Scrollbars hard to see
1i5t5.duncan at cox.net
Mon Nov 30 00:45:36 GMT 2009
Anne Wilson posted on Sun, 29 Nov 2009 11:50:52 +0000 as excerpted:
> On Sunday 29 November 2009 10:51:29 Dotan Cohen wrote:
>> > By changing your theme? No, I'm not being sarcastic. Some things
>> > are hard- coded into themes, and this may be one of them.
>> That is quite what I did as a workaround.
>> > As a matter of interest, which theme are you finding hard to see?
>> > This is something I haven't noticed in any theme I've tried.
>> Oxygen in particular suffers from many usability issues, this is one of
>> them. Most of the other themes suffer from this as well, as the
>> scrollbar is the same colour as the window background.
> Strange. I'm using oxygen at the moment, and I don't see any problem
> with the scrollbar - and my eyes are really not that good. There seems
> to be quite good contrast between the scroll 'handle' and its
A lot of it depends on the monitor and its brightness/contrast (aka
hardware) settings, and on the configured gamma.
Dotan, have you tried fiddling with "The application formerly known as
kcontrol" (generically aka system settings, tho it's really kde settings
and has little to do with the rest of the system, so kcontrol is more
accurate /and/ less generic), Computer admin, Display, Gamma?
According to the kgamma handbook (khelpcenter), the defaults are 1.00 X,
1.80 Mac, 2.20 MSWormOS (my name for it, FWIW). If you haven't done the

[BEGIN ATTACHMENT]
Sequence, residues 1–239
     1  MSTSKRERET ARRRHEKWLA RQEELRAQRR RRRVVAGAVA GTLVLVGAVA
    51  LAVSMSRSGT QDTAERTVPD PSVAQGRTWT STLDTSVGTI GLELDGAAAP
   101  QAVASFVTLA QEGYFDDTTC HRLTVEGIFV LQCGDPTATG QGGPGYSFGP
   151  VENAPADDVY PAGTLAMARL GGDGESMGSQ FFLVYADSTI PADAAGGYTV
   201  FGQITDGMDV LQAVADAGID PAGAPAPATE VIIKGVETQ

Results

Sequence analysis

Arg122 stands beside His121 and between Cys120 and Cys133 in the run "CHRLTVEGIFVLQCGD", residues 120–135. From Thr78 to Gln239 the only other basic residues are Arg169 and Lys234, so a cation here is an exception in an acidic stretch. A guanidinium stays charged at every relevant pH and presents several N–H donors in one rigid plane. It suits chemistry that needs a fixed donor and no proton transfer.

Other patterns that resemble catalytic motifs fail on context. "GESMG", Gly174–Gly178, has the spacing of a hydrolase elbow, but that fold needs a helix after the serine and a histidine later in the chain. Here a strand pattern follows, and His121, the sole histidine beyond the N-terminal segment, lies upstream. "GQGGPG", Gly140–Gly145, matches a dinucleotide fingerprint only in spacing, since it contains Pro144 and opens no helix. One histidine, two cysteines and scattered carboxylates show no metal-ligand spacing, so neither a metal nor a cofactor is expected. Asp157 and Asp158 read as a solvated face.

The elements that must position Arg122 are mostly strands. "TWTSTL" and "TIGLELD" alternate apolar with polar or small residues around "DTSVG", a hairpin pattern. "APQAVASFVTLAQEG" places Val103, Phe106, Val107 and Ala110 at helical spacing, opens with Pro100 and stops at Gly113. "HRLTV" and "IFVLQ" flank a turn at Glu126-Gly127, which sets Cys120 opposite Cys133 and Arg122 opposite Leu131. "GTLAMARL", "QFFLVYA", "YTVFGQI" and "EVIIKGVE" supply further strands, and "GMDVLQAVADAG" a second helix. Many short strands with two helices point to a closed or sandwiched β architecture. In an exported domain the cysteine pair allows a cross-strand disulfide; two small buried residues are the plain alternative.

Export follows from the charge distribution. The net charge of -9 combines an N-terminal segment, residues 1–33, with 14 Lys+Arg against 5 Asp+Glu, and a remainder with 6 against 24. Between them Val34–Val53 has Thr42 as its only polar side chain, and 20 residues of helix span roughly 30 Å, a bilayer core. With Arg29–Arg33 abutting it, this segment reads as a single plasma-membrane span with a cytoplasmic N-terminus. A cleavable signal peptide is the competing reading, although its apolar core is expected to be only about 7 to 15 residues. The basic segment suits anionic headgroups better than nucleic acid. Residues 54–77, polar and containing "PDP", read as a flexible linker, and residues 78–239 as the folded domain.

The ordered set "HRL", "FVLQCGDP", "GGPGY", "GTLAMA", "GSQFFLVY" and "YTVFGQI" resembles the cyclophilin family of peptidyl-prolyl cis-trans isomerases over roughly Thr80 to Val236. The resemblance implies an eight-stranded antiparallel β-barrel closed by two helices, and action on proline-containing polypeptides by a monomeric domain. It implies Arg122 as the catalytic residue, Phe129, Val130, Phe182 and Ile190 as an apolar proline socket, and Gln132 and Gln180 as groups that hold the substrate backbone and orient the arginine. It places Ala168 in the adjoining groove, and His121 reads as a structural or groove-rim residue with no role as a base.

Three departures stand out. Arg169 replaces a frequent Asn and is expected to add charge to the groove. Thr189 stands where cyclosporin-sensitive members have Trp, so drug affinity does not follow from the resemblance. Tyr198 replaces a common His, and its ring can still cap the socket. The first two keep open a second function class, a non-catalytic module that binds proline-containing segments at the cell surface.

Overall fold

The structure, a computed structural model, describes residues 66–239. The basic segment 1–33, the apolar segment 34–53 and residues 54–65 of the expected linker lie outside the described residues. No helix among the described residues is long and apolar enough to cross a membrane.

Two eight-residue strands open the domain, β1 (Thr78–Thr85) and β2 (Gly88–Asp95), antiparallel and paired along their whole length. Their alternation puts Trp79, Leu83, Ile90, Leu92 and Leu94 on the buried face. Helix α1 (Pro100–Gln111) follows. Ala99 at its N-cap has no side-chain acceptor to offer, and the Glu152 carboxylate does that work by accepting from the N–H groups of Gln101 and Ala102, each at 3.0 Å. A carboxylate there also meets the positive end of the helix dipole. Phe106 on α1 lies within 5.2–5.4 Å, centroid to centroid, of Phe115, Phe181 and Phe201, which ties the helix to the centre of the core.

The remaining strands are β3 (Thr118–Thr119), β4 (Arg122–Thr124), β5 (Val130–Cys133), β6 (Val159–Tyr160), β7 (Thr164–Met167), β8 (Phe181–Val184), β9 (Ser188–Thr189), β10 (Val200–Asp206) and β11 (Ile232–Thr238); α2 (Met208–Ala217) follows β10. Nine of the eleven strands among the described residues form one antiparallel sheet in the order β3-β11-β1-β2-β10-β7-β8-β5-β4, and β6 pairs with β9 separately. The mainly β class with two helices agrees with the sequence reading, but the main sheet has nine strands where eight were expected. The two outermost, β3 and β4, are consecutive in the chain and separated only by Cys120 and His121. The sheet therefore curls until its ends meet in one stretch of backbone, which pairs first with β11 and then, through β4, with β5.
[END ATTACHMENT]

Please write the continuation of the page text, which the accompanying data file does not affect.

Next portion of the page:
calibration, go ahead and do it, following the procedure outlined in the
kgamma handbook. On my LCDs, I ended up with an RGB gamma of 1.25 red
and green, 1.65 blue. That /dramatically/ improved the contrast at the
dark end of things, for me. Note that CRTs will likely come out with far
different numbers, and there's all sorts of other factors involved as
well, from the backlite (florescent or LED) on LCDs and possible screen
coatings on CRTs, to typical ambient lighting conditions, to make and
model of monitor, to specific monitor on the same production run, to
personal preference, to...
That will make a big difference, or at least it did here.
As for changing the scrollbar specifically, that's controlled by look and
feel, appearance, colors, but there's not an individual setting for it.
After your gamma is set correctly, you may want to tweak the colors a bit
Here, I have a STRONG preference for light foregrounds/text, dark
backgrounds, AND for way more color than the wimpy/sickly default mostly-
grays so I started by finding a scheme that came at least reasonably
close to meeting my needs. Of the default kde themes, Obsidian Coast and
Wonton Soup came closest, being at least light on dark, but they were
still way too sickly weak for my tastes. kdelook to the rescue! =:^)
The best one I found there was darkblue-deb, a theme Debian may ship,
apparently, or at least a Debian fan created! =:^)
But it wasn't /exactly/ right, either, tho it came reasonably close. So
I had to tweak it a bit.
If you are going to do *any* color tweaking on your own, besides changing
the schemes, you **NEED** to read the associated help page. If you
don't, you will not understand what you are doing, and will likely get
/something/ wrong, such that you'll get a dialog or tooltip text or